To bugle in call-shy, public land bulls, a team approach is best. A caller needs to funnel elk to his shooter by moving around and simulating multiple cows. Many bulls will close a long distance gap but hang up around 100 yards when they don’t see a cow to corral. That’s when I use a special weapon called the ‘X-Zone.’
The caller needs to be a minimum of 100 to 150 yards from the shooter. This allows a caller to move around in the background while calling, shifting positions and using natural tree cover to keep from being detected. Bulls will move side-to-side, sweeping the area in front of a shooter trying to wind a cow or you. In turn, the caller will move in the opposite direction he hears a bull bugle, luring the bull right to the shooter. The goal is to get the bull to walk into the X-zone and into a shooting lane. You can stack the odds by having the caller listening for bugles, then reacting to position themselves opposite those bugles while consistently calling. The caller should sound like a herd of female cows with calves, forcing the bull to focus on the caller’s noise behind the shooter.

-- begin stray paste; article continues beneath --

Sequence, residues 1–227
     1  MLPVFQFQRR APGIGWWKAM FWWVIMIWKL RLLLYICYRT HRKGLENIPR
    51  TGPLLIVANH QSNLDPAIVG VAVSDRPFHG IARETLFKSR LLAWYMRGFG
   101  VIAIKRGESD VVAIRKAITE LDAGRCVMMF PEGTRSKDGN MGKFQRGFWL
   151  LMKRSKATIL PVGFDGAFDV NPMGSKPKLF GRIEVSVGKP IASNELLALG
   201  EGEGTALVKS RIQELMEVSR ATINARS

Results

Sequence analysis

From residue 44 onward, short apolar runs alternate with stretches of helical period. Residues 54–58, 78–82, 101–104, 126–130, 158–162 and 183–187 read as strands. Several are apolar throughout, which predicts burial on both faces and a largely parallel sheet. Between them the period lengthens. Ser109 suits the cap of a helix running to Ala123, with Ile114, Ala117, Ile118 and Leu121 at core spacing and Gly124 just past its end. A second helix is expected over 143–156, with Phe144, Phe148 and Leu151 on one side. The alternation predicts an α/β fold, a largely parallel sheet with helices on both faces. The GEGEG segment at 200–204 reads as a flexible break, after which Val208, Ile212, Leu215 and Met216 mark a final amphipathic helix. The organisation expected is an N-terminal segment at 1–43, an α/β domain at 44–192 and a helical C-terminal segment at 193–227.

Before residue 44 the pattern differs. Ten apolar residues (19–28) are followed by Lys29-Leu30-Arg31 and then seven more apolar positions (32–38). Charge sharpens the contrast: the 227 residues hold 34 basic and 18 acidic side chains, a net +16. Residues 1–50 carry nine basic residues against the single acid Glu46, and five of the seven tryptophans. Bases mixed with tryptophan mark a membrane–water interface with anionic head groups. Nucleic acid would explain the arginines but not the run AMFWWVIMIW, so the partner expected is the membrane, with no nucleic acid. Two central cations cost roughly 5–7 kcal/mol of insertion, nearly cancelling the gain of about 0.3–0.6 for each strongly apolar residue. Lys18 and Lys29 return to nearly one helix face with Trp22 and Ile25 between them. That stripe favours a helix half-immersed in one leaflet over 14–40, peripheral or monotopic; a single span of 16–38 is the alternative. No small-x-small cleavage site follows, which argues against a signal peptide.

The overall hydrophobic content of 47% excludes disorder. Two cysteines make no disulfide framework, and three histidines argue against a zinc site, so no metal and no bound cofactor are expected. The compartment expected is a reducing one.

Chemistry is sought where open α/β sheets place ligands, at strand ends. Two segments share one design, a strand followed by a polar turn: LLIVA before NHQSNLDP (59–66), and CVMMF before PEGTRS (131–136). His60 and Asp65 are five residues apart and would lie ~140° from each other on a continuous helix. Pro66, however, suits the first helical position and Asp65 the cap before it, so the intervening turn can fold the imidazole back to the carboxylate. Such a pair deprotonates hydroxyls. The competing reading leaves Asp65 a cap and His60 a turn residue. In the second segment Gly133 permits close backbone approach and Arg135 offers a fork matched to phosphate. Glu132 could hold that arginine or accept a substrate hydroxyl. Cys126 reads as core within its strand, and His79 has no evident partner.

Elk calling still works, but every elk hunter has a bugle and a cow call, and hard-hunted bulls have heard most of them. But with persistence, timing, and new techniques, bowhunters can have success—the X-zone being one way to close the gap on an ornery bull.
Ralph Ramos lives in New Mexico where he is a middle school principal and professional hunting guide. He has been hunting elk for nearly 30 years.